Shane (1987-2009)

In the summer of 2009 my lovely son Shane was 22 and was about to commence his final year in college (studying Irish and Theology in TCD). Shane seemingly had a great life, he was handsome, funny, had plenty of friends and was much-loved by everyone. I don’t think I’m remembering with rose tinted glasses when I say, that being the eldest child, he was adored by his younger siblings and that the feeling was mutual. There was a lot of fun and noise in our home. However, that year there was a glitch - Shane had recently broken up with his long-term girlfriend and was struggling to come to terms without her. For his heartache, a doctor prescribed him citalopram (AKA Celexa and Cipramil). What happened shortly afterwards changed our lives forever and ended Shane’s. The following is the timeline of events before Shane’s death a mere 17 days after being prescribed citalopram. 

Day 1 –  Shane was prescribed citalopram (20 mg).

Day 2 - Shane phoned the doctor to say the drug ‘didn’t suit him’ and was making him ‘feel weird’. The doctor told him to persevere with the drug as the side effects usually settle down. 

Day 5 - Shane took the remaining 23 citalopram tablets altogether in an attempted overdose. He slept for many hours and survived - but his body was quivering and he looked like someone suffering with Parkinson’s disease. 

Day 11 – I drove Shane to our family doctor, where he was seen by a locum. This doctor repeated Shane’s prescription for Citalopram, at a lesser dose of 10mg. 

Day 17 - Shane, who was never diagnosed with anything other than ‘a relationship break-up’ and never had a violent bone in his body, took a knife and killed his ex-girlfriend’s new boyfriend and then himself. 

In retrospect, it’s difficult to see how the doctors (or us, his family) couldn’t see an adverse reaction so obvious. However, what happened after Shane’s death was equally bizarre and perhaps even more telling. We knew (and publicly expressed) that the only thing that stood out in Shane’s total change in personality was the prescription for the SSRI citalopram. However, Irish psychiatry were apoplectic. They preceded to involve themselves in the media frenzy, issuing statements that the drugs are safe and that it was far more likely that Shane’s underlying ‘mental-illness’ caused his actions – despite never having met him. Representing Irish psychiatry and uninvited, one of their members (Professor Patricia Casey) even turned up at Shane’s inquest (with her legal team in tow), to refute our claims. Despite her attendance, the jury rejected a suicide verdict, mainly thanks to the testimony of our expert witness, Dr David Healy, who expressed the view that in certain cases (like Shane’s), SSRIs can cause a person to become uncharacteristically suicidal and violent. Prof Casey (who incidentally worked for many years with Lundbeck, the makers of citalopram), spoke to the media on the steps of Coroner’s court, stating that there were ‘aspects of the evidence which the college [of psychiatry] took issue’. While the verdict still stands, the involvement of Irish psychiatry in Shane’s case spoke volumes and in my honest opinion, was a new low in dealing with a grieving family.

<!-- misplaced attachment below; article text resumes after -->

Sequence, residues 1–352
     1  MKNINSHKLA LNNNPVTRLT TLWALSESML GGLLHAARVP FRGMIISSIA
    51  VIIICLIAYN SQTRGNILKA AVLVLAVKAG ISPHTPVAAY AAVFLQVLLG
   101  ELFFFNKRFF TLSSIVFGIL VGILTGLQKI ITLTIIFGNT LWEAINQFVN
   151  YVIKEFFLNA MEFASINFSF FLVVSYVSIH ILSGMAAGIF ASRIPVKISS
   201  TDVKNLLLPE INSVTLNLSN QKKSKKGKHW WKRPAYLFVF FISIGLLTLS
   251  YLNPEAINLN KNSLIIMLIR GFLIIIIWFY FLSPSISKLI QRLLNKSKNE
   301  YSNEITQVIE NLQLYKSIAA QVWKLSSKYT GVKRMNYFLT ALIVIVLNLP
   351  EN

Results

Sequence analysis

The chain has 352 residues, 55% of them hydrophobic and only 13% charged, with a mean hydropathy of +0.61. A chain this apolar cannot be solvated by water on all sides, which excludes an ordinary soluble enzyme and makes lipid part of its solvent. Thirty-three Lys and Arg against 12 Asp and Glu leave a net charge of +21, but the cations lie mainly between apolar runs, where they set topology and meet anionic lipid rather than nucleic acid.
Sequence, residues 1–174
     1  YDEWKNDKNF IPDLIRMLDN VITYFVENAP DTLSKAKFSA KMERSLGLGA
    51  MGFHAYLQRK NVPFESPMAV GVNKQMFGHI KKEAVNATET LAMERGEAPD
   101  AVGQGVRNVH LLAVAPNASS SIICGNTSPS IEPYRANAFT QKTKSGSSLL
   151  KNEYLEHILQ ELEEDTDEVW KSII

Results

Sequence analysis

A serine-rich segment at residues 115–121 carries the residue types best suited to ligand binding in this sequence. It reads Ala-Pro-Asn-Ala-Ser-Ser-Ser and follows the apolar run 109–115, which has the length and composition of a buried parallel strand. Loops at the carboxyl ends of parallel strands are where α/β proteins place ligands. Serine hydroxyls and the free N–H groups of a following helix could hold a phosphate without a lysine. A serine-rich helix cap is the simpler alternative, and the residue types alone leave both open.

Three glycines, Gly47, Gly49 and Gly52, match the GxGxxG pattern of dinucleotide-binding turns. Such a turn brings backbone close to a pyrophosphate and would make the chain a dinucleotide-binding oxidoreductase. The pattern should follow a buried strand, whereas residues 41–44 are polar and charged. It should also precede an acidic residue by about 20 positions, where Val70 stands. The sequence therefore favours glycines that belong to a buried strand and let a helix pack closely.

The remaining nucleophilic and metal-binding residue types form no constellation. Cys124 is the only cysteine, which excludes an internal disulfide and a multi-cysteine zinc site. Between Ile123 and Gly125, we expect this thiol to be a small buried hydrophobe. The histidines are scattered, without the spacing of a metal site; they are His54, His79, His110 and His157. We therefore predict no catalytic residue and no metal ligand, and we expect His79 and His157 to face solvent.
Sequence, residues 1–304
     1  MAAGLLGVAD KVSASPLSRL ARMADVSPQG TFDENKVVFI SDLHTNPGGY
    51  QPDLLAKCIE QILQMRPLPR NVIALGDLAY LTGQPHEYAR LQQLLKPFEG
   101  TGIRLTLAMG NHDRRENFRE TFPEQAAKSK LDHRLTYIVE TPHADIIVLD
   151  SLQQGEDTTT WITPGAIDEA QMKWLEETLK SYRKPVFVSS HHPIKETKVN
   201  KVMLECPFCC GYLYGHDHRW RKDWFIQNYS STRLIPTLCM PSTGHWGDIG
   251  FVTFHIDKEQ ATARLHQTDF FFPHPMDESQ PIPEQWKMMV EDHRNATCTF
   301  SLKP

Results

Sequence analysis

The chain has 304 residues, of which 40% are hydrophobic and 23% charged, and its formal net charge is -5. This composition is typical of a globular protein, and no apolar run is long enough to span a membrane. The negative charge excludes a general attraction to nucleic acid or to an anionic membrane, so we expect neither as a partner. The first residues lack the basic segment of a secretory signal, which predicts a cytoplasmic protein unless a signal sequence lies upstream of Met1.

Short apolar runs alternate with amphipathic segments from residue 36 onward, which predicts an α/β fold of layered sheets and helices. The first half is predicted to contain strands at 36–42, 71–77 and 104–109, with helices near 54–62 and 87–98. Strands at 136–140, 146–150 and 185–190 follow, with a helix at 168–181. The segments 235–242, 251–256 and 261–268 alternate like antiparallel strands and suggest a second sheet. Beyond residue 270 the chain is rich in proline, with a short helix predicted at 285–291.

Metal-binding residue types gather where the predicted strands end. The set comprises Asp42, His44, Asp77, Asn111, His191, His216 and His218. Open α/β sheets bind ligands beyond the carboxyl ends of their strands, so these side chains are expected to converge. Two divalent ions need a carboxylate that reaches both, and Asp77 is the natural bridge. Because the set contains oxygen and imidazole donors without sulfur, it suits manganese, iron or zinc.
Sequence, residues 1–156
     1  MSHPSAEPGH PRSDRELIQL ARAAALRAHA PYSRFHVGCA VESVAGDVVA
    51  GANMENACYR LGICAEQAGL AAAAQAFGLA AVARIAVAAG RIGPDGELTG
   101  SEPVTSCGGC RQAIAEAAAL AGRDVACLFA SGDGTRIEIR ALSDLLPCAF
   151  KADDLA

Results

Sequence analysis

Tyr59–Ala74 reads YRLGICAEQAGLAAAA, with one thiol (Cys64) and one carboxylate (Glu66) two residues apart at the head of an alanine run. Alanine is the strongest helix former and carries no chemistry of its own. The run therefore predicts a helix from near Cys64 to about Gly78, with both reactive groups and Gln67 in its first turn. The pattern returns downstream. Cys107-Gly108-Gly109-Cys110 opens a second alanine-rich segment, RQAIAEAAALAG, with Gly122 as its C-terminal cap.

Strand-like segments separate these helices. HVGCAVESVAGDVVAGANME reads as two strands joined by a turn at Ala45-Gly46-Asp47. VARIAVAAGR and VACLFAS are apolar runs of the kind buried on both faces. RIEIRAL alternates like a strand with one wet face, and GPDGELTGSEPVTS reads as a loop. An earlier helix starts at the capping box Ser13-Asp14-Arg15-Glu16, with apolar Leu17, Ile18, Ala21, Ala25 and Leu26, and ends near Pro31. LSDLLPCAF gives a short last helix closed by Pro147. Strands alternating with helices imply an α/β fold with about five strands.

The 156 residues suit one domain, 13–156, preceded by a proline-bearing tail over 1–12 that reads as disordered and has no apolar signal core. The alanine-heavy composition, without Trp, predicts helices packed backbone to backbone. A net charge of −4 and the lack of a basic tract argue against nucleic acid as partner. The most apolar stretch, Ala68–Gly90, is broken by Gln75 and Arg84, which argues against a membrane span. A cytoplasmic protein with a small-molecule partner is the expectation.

While sadly for us, we now exist without Shane in our lives, we have met so many amazing people who are doing fantastic work to warn others, just like ‘Butterflies for Joe’ is doing. Awareness is growing and will continue to grow – please inform yourself before allowing your child/husband/parent to take psychiatric drugs (particularly SSRIs). 


Woody Witzcak written by his wife Kim

On August 6, 2003, Woody was found hanging by the rafters of his garage, dead at age 37.  He died of Zoloft-induced suicide. Woody wasn’t depressed nor did he have a history of depression or suicidality or any other mental illness.

Woody loved life and all that this world had to offer. He was a compassionate, loyal husband, son, brother, uncle, godfather and friend.   He was outgoing, gregarious, smart, had a huge personality. Everyone loved him.